31. Moffitt, T. E. (2003). Life-course persistent and adolescence-limited antisocial behavior. In B. B. Lahey, T. E. Moffitt & A. Caspi (Eds.), Causes of conduct disorder and juvenile delinquency (pp. 49–75). New York: Guilford.Google Scholar
  32. Moffitt, T. E. (2005). The new look of behavioral genetics in developmental psychopathology: gene-environment interplay in antisocial behaviors. Psychological Bulletin, 131, 533–554.PubMedCrossRefGoogle Scholar
  33. Neale, M. C., Boker, S. M., Xie, G., & Maes, H. H. (2003). Mx: Statistical Modeling (6th ed.). Richmond: VCU.Google Scholar
  34. Neiderhiser, J. M., Reiss, D., Hetherington, E. M., & Plomin, R. (1999). Relationships between parenting and adolescent adjustment over time: Genetic and environmental contributions. Developmental Psychology, 35, 680–692.PubMedCrossRefGoogle Scholar
  35. Neiderhiser, J. M., Reiss, D., Pedersen, N., Lichtenstein, P., Spotts, E. L., & Hansson, K., et al. (2004). Genetic and environmental influences on mothering of adolescents: A comparison of two samples. Developmental Psychology, 40, 335–351.PubMedCrossRefGoogle Scholar
  36. O’Connor, T. G. (2002). Annotation: The ‘effects’ of parenting reconsidered: findings, challenges, and applications. Journal of Child Psychology and Psychiatry, 43, 555–572.PubMedCrossRefGoogle Scholar
  37. O’Connor, T. G., Deater-Deckard, K., Fulker, D., Rutter, M., & Plomin, R. (1998). Genotype-environment correlations in late childhood and early adolescence: Antisocial behavioral problems and coercive parenting. Developmental Psychology 34, 970–981.PubMedCrossRefGoogle Scholar
  38. Patterson, G. R., Reid, J. B., & Dishion, T. J. (1992). Antisocial boys. Eugene, OR: Castalia.Google Scholar
  39. Pike, A., McGuire, S., Hetherington, E. M., Reiss, D., & Plomin, R. (1996). Family environment and adolescent depression and antisocial behavior: A multivariate genetic analysis. Developmental Psychology, 32, 590–603.CrossRefGoogle Scholar
  40. Plomin, R., DeFries, J. C., McClean, G. E., & McGuffin, P. (2001). Behavioral genetics (4th ed.). USA: Worth Publishers.Google Scholar
  41. Price, T. S., Freeman, B., Craig, I. W., Petrill, S. A., Ebersole, L., & Plomin, R. (2000). Infant zygosity can be assigned by parental report questionnaire data. Twin Research, 3, 129–133.PubMedCrossRefGoogle Scholar
  42. Rhee, S. H., & Waldman, I. D. (2002). Genetic and environmental influences on antisocial behavior: A meta-analysis of twin and adoption studies. Psychological Bulletin, 128, 490–529.PubMedCrossRefGoogle Scholar
  43. Rutter, M., Giller, H., & Hagell, A. (1998). Antisocial behavior by young people. Cambridge: Cambridge University Press.Google Scholar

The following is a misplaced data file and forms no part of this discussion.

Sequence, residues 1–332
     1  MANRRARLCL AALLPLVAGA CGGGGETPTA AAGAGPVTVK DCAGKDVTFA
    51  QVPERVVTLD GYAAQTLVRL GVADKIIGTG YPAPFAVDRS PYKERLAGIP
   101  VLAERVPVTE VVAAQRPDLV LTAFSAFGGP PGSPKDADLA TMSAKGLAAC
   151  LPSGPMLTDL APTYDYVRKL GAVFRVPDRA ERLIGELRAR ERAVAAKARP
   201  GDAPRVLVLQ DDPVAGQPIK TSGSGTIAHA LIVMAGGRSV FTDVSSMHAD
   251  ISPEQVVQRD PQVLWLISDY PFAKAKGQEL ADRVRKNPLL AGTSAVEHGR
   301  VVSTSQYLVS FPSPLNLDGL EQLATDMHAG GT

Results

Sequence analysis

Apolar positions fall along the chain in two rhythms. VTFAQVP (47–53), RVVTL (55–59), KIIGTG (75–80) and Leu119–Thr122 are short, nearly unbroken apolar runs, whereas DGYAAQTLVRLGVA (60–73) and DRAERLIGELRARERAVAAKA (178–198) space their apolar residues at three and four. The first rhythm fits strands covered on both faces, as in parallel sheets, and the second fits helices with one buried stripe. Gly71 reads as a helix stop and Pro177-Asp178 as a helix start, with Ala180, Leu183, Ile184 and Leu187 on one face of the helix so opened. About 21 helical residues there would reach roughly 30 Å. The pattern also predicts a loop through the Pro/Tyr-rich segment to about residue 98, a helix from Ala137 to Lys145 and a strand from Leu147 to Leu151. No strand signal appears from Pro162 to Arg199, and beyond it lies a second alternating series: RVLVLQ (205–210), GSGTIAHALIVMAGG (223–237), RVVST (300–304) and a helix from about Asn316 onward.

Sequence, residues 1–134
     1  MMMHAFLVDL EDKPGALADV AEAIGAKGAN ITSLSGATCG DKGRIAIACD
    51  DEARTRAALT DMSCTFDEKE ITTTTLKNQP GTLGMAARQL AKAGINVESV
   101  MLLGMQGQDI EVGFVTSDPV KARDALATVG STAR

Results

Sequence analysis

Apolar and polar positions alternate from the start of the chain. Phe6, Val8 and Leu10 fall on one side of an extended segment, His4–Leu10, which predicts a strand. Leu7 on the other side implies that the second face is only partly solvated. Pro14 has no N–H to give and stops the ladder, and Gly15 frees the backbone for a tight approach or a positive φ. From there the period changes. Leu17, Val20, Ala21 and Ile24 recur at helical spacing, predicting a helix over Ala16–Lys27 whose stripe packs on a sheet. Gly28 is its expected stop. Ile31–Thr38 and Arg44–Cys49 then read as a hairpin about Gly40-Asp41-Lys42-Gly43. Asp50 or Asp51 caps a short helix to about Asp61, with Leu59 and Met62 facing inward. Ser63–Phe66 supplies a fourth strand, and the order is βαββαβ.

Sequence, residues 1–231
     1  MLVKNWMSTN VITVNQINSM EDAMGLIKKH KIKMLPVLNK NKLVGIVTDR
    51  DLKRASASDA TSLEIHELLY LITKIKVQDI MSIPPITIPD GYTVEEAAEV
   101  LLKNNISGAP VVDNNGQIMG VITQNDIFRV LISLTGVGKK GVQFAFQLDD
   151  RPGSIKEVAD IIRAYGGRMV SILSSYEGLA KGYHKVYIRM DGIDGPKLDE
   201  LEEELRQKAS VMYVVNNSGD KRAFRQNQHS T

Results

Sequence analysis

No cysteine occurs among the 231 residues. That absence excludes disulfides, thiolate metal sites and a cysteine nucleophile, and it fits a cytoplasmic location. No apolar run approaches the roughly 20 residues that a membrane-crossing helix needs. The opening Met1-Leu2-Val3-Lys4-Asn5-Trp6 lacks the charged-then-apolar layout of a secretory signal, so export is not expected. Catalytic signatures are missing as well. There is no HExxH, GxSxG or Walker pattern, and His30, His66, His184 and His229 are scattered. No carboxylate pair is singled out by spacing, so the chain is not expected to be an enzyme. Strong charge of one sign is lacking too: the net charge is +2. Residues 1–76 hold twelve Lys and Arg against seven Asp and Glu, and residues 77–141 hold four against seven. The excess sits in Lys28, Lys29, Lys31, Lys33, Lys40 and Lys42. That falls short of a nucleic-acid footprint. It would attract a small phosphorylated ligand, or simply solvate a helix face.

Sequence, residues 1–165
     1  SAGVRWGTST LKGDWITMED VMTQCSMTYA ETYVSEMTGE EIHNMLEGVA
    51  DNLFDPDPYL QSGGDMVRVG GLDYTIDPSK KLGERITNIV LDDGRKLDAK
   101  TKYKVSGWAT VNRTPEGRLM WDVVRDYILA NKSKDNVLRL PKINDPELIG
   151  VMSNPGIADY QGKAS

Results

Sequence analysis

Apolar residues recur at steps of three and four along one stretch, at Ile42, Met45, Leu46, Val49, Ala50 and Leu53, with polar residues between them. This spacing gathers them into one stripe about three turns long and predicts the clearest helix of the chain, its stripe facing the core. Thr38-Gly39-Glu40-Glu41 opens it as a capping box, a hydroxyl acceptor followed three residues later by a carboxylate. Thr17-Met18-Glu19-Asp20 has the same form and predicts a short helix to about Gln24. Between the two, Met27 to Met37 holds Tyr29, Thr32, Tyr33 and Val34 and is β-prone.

44. Rutter, M., Pickles, A., Murray, R., & Eaves, L. (2001). Testing hypotheses on specific environmental causal effects on behavior. Psychological Bulletin, 127, 291–324.PubMedCrossRefGoogle Scholar
  45. Scarr, S., & McCartney, K. (1983). How people make their own environments: A theory of genotype-environment effects. Child Development, 54, 424–435.PubMedGoogle Scholar
  46. Silberg, J. L., & Eaves, L. J. (2004). Analysing the contributions of genes and parent-child interaction to childhood behavioural and emotional problems: A model for the children of twins. Psychological Medicine, 34, 1–10.CrossRefGoogle Scholar
  47. Taylor, J., Iacono, W. G., McGue, M. (2000). Evidence for a genetic etiology of early-onset delinquency. Journal of Abnormal Psychology, 109, 634–643.PubMedCrossRefGoogle Scholar
  48. Trouton, A., Spinath, F. M., & Plomin, R. (2002). Twins Early Development Study (TEDS): A multivariate, longitudinal genetic investigation of language, cognition and behavior problems. Twin Research, 5, 444–448.PubMedCrossRefGoogle Scholar
  49. Vuchinich, S., Bank, L., & Patterson, G. R. (1992). Parenting, peers, and the stability of antisocial behavior in preadolescent boys. Developmental Psychology, 28, 510–521.CrossRefGoogle Scholar
  50. Webster-Stratton, C., & Hammond, M. (1997). Treating children with early-onset conduct problems: A comparison of child and parent training interventions. Journal of Consulting and Clinical Psychology, 65, 93–109.PubMedCrossRefGoogle Scholar
  51. Webster-Stratton, C., Reid, M. J., & Hammond, M. (2004). Treating children with early-conduct problems: Intervention outcomes for parent, child, and teacher training. Journal of Clinical Child and Adolescent Psychology, 33, 105–124.PubMedCrossRefGoogle Scholar

Copyright information

© Springer Science+Business Media, LLC 2007

Authors and Affiliations

  • Henrik Larsson
    • 1
    • 2
    Email author
  • Essi Viding
    • 3
    • 4
  • Fruhling V. Rijsdijk
    • 3
  • Robert Plomin
    • 3
  1. 1.Department of Medical Epidemiology and BiostatisticsKarolinska InstitutetStockholmSweden
  2. 2.Department of Woman and Child HealthKarolinska InstitutetStockholmSweden
  3. 3.Social Genetic and Developmental Psychiatry Centre, Institute of PsychiatryLondonUK
  4. 4.Department of PsychologyUniversity College LondonLondonUK

Personalised recommendations